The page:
Scientists attach barcodes to mouse embryos – human ones coming soon
By Ben Coxworth
Fans of the film Blade Runner may remember a scene in which the maker of an artificial snake is identified by a microscopic serial number on one of its scales. Well, in a rare case of present-day technology actually surpassing that predicted in a movie, we’ve now gone one better – bar codes on embryos. Scientists from Spain’s Universitat Autònoma de Barcelona (UAB), along with colleagues from the Spanish National Research Council, have successfully developed an identification system in which mouse embryos and oocytes (egg cells) are physically tagged with microscopic silicon bar code labels. They expect to try it out on human embryos and oocytes soon.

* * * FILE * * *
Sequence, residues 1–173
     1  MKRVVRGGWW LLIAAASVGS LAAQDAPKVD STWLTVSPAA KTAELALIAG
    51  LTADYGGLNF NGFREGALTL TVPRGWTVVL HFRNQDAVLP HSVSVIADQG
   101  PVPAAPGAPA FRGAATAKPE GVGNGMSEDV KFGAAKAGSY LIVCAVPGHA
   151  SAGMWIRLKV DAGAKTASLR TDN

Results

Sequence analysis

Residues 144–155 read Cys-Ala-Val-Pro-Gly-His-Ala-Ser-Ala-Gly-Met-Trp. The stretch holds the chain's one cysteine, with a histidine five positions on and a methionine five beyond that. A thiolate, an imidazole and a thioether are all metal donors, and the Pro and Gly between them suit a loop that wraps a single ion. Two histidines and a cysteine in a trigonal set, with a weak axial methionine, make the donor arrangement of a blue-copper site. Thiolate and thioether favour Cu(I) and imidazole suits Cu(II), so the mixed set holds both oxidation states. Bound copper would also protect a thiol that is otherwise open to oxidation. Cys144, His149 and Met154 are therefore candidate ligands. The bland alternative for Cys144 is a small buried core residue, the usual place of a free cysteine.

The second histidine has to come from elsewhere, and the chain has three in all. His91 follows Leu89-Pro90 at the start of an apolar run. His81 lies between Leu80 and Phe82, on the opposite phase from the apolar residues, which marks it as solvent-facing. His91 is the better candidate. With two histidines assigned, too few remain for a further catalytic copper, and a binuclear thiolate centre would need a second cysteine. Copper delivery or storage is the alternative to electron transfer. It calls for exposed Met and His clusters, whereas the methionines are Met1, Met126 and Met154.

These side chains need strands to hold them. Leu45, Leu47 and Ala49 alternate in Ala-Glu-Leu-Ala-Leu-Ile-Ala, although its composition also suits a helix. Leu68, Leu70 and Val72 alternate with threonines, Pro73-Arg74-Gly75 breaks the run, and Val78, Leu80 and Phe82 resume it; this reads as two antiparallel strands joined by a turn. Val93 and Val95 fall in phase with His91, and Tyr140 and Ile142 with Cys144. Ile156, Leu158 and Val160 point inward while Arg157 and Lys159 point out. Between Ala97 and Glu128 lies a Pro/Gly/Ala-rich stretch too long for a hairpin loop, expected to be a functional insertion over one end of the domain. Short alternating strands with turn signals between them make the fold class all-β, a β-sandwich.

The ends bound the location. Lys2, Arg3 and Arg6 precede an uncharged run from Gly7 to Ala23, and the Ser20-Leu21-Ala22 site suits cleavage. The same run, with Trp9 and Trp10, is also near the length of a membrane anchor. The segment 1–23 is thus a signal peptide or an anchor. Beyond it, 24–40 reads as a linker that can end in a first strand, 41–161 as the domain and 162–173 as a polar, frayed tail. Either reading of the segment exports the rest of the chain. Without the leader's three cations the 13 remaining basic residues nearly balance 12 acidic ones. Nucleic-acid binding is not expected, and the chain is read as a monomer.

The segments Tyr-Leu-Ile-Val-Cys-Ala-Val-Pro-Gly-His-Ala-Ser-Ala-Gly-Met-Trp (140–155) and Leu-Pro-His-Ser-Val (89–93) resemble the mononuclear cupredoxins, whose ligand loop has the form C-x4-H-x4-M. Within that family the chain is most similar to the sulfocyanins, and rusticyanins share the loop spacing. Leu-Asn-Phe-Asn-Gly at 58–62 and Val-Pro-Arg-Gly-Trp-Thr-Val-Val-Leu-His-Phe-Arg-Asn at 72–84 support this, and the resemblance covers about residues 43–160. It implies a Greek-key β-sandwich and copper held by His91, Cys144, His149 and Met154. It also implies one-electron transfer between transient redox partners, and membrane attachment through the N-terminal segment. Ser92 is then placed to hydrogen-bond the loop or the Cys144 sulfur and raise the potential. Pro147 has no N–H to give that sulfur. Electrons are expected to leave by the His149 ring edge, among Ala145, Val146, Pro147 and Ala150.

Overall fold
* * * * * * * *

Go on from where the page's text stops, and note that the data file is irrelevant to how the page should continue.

The purpose of the system is to streamline in vitro fertilization and embryo transfer procedures. If egg cells and embryos can be quickly and easily identified, then things should run much smoother, and success rates should be higher.
The labels, which had been declared biologically innocuous in an earlier study, are microinjected into the perivitelline space of mouse embryos – the perivitelline space is a region between the cell membrane and the zona pellucida, which is a cover that surrounds the embryo’s plasma membrane. The embryo exits the zona pellucida before entering the uterus, so the bar code would be shed at that point.